When Oliver Cromwell and his Puritans took control of England in 1645, they outlawed Christmas because they saw it as decadent revelry. The Pilgrims of New England felt the same way. They also waged war on Christmas — it was banned in Boston from 1659 to 1681.
And, where did the date for Christmas come from anyway:
In the Western world, the birthday of Jesus Christ has been celebrated on December 25th since AD 354, replacing an earlier date of January 6th. The Christians had by then appropriated many pagan festivals and traditions of the season, that were practiced in many parts of the Middle East and Europe, as a means of stamping them out. . . . Saints Days have also contributed to our Christmas celebrations. A prominent figure in today's Christmas is Saint Nicholas who for centuries has been honored on December 6th. He was one of the forerunners of Santa Claus. . . . Celebrating Christmas has been controversial since its inception. Since numerous festivities found their roots in pagan practices, they were greatly frowned upon by conservatives within the Church. The feasting, gift-giving and frequent excesses presented a drastic contrast with the simplicity of the Nativity, and many people throughout the centuries and into the present, condemn such practices as being contrary to the true spirit of Christmas.
The earliest English reference to December 25th as Christmas Day did not come until 1043.
Details of the pagan festivals appropriated can be found in the link above. According to "Christmas in America: A History," by Penne L. Restad (1996), at page 4, in the 200s Chistian scholars claimed various dates for the birth of their namesake including May 20, April 19, November 18 and March 28.
Wikipedia notes some of the American history of Christmas:
Christmas fell out of favor in the United States after the American Revolution, when it was considered an English custom. . . . Interest in Christmas in America was revived in the 1820s by several short stories by Washington Irving appearing in his The Sketch Book of Geoffrey Crayon and "Old Christmas", and by Clement Clarke Moore's 1822 poem A Visit From St. Nicholas (popularly known by its first line: Twas the Night Before Christmas). Irving's stories depicted harmonious warm-hearted holiday traditions he claimed to have observed in England. Although some argue that Irving invented the traditions he describes, they were widely imitated by his American readers. The poem A Visit from Saint Nicholas popularized the tradition of exchanging gifts and seasonal Christmas shopping began to assume economic importance. In her 1850 book "The First Christmas in New England", Harriet Beecher Stowe wrote a character who complained that the true meaning of Christmas was being lost in a shopping spree. Christmas was declared a United States Federal holiday in 1870, signed into law by President Ulysses S. Grant.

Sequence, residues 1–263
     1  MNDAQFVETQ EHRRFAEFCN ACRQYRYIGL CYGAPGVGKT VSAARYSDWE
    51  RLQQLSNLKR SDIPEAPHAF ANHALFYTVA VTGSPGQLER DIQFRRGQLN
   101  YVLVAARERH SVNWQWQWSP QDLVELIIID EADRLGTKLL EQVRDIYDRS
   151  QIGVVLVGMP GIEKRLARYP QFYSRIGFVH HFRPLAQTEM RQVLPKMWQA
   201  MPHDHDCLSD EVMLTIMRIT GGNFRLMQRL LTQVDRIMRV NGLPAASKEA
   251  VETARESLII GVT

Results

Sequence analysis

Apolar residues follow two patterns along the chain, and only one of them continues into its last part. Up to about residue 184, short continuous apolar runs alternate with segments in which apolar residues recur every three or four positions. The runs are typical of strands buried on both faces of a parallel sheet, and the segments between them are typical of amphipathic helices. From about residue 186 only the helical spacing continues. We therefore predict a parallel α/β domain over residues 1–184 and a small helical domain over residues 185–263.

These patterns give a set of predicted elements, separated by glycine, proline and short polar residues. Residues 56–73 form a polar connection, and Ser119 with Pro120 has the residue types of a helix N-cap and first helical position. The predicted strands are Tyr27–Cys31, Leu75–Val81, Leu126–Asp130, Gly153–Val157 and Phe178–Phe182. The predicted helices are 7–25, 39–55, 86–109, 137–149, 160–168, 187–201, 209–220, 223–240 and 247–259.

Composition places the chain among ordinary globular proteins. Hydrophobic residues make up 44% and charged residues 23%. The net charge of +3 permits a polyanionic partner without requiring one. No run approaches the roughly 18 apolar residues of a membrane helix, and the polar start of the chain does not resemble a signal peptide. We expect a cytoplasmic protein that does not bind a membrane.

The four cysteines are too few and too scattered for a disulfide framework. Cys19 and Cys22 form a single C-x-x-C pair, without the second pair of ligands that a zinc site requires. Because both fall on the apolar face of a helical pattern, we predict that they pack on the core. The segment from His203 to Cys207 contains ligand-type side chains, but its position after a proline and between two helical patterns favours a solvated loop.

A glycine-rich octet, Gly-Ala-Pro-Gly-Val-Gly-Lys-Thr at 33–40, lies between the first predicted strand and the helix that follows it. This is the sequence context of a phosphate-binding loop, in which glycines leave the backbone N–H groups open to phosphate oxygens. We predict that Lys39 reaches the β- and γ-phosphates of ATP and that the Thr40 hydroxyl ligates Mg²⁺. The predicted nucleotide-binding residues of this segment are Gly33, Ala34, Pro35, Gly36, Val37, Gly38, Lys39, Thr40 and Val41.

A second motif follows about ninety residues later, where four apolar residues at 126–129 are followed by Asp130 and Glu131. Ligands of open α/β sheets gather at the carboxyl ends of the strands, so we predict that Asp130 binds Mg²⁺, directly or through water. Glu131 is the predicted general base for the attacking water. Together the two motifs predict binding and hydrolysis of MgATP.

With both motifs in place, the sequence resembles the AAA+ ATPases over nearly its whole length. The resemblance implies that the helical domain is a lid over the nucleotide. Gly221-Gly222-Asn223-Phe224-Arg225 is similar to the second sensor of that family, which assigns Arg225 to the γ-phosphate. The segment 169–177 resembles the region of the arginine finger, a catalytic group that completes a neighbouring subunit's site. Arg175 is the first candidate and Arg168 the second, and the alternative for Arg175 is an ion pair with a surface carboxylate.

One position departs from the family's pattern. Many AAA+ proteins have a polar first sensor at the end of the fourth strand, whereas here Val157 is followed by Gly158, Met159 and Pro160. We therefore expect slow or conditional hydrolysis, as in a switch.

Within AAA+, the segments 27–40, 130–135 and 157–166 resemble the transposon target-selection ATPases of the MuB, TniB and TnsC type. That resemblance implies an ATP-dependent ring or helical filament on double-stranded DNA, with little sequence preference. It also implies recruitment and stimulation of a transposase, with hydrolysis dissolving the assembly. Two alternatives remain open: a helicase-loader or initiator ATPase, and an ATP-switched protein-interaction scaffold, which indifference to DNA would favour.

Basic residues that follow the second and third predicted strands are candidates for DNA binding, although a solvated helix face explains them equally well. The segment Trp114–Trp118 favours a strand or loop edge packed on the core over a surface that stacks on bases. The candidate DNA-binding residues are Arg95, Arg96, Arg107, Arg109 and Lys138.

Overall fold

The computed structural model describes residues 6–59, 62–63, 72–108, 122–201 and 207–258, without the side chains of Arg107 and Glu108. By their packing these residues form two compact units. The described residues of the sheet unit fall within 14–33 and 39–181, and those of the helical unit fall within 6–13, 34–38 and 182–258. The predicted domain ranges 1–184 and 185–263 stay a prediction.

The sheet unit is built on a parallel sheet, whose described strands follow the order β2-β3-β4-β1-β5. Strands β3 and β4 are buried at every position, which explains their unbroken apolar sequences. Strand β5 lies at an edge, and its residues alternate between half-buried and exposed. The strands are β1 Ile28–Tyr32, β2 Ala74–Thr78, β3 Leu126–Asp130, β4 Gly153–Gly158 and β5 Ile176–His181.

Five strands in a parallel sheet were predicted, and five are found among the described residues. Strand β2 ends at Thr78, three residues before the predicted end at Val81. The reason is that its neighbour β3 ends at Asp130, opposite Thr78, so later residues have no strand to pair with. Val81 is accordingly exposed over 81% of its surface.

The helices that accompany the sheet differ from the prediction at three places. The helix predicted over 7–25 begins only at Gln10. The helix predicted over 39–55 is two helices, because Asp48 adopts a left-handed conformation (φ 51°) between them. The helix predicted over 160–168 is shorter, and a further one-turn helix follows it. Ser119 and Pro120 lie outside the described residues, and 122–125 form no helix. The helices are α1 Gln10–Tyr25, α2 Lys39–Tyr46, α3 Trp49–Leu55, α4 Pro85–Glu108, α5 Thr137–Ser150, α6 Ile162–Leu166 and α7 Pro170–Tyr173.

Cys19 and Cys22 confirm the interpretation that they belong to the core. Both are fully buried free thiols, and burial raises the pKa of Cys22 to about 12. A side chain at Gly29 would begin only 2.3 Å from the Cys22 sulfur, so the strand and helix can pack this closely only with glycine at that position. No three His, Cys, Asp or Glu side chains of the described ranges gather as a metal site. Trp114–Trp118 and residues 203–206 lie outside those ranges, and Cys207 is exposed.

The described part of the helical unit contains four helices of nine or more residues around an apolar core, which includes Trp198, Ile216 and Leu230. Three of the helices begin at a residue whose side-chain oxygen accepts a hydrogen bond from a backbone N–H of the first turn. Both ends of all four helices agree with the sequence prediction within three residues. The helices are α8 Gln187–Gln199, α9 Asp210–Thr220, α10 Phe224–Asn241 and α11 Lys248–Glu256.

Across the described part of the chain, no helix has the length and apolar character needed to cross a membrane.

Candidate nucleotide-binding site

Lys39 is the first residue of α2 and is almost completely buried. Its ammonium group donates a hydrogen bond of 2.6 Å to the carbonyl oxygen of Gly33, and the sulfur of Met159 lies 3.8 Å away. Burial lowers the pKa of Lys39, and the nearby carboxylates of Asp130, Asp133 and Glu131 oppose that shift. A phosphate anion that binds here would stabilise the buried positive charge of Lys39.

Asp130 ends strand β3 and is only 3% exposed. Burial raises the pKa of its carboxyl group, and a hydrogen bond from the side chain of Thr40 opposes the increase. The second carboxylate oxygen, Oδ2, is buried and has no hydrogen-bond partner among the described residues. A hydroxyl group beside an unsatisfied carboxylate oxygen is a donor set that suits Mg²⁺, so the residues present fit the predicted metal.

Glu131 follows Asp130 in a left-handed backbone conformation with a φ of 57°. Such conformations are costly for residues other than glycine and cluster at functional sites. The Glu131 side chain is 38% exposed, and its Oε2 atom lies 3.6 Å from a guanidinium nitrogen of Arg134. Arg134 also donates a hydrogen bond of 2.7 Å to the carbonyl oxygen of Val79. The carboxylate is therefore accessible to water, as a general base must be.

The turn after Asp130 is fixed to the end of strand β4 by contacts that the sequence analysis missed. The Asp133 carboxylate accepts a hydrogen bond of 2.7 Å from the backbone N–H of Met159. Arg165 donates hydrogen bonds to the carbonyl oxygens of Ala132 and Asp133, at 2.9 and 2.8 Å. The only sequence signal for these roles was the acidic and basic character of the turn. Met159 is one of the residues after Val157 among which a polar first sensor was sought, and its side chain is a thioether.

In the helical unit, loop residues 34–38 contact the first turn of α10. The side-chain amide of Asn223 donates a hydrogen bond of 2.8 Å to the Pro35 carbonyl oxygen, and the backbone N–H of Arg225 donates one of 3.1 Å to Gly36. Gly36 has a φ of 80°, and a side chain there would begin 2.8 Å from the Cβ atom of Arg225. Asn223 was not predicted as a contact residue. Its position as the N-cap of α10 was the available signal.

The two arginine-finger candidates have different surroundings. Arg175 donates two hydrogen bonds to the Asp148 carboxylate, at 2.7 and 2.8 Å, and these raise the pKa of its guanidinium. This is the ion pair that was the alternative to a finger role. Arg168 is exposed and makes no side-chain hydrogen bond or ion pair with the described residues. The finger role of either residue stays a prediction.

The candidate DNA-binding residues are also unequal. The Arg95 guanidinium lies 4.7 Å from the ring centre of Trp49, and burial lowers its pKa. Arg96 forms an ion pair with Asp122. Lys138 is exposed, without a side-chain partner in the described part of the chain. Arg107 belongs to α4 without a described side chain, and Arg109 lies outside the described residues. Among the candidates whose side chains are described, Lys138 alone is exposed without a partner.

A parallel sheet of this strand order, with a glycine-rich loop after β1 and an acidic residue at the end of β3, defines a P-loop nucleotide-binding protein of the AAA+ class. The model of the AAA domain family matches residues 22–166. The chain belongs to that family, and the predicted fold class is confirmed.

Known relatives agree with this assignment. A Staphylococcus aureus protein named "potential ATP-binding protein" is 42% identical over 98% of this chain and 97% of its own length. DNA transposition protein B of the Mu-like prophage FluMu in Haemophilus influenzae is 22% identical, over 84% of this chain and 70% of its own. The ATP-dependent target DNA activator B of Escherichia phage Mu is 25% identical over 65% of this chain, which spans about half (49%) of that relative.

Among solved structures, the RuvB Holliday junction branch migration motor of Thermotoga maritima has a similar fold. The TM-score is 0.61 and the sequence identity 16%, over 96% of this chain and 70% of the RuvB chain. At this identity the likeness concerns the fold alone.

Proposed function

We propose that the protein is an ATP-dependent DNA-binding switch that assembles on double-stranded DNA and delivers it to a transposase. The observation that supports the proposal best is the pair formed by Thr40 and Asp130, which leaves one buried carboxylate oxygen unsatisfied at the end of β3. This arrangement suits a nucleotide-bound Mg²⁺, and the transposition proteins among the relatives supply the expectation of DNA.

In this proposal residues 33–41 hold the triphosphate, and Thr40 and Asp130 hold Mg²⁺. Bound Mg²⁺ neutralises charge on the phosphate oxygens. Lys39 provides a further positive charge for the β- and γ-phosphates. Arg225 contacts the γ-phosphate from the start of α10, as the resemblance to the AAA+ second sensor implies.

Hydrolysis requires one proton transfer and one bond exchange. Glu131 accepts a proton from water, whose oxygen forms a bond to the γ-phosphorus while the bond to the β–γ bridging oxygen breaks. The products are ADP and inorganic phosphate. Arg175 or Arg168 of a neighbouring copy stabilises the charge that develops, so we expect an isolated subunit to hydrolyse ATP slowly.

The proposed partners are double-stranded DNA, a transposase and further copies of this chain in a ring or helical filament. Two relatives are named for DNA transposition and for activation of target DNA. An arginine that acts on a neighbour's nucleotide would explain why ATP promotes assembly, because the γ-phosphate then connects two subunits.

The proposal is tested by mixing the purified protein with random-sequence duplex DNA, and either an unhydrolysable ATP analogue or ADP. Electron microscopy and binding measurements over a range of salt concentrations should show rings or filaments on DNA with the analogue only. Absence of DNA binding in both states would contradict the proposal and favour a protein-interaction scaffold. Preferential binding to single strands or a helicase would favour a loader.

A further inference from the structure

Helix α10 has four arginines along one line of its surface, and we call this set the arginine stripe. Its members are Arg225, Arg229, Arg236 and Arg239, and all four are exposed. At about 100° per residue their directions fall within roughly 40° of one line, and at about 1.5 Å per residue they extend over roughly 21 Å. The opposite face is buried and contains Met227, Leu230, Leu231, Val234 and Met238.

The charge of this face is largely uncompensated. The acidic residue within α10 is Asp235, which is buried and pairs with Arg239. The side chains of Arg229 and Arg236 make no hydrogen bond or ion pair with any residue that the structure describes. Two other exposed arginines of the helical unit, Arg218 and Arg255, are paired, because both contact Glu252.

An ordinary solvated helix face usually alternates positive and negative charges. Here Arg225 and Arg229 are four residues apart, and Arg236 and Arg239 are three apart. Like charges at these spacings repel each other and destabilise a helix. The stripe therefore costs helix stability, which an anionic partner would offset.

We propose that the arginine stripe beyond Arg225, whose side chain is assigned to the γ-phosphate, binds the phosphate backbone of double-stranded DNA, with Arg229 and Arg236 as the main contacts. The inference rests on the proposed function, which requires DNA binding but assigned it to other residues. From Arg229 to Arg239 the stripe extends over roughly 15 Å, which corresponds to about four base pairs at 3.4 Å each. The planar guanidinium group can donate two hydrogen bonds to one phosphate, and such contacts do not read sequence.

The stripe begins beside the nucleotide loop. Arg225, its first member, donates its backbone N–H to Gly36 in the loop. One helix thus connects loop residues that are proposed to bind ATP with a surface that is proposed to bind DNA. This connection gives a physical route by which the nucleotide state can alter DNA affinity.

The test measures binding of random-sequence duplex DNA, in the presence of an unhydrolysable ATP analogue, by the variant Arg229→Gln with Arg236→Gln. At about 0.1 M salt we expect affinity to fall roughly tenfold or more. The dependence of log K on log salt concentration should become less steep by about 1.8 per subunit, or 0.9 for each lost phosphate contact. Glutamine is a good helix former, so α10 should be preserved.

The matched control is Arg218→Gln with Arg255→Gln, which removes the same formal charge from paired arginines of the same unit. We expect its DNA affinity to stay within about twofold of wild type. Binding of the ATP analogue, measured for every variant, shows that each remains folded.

An English actress in America Fanny Kemble observed in 1832 (Restad at 17):
Christmas Day is no religious day and hardly a holiday with them. New-year's day is perhaps a little, but only a little more so. For Twelfth-day it is unknown; and the household private festivals of birthdays are almost universally passed by unsevered from the rest of the toilsome days devoted to the curse of labor.
New England Sufferagist Elizabeth Cady Stanton didn't recall Christmas as a great festival of her youth. (Restad at 17) Many Calvinist New Englanders took days off for election day and Harvard's Commencement Day (in July), but not Christmas. (Restad at 19).
The Advent Calendar tradition is roughly 150 years old.
The Advent Calendar has been around for more than 150 years and becomes more popular every year.
The origin of the calendar, like so many of our Christmas traditions, started in Germany back in the 19th century. Different methods of counting down the days to the celebration of Christmas were used. . . . The first printed calendar was produced by Gerhard Lang in Germany. When he was a child, his mother attached little candies to a piece of cardboard and each day Gerhard would take one off. His first (printed) calendar consisted of miniature colored pictures that would be attached to a piece of cardboard each day in December. Later Advent calendars were made with little doors to open on each day.
The child might find a small piece of candy, a Christmas picture, a religious picture or a bible verse.
The German calendars were sold until World War II, at which time production was stopped due to the war shortages. After the war, the production of calendars resumed in 1946 by Richard Selmer. Selmer credits President Eisenhower with helping the tradition grow in the United States during his term of office. A newspaper article at the time showed the Eisenhower grandchildren with The Little Town Advent calendar.
The modern relevance of advent seems to be waning. Secular Americans don't have a context for it. Non-liturgical Protestants, who eventually succumbed to peer pressure to recognize and embrace Christmas itself, rarely went on to adopt the nearby seasons of the liturgical calendar -- Advent, Epiphany and Lent, as well. The ranks of liturgical Christians are ebbing. Also, almost all of the mainline Christian denominations have shifted their worship practices to some extent in the direction of those of the Evangelicals over the past few decades.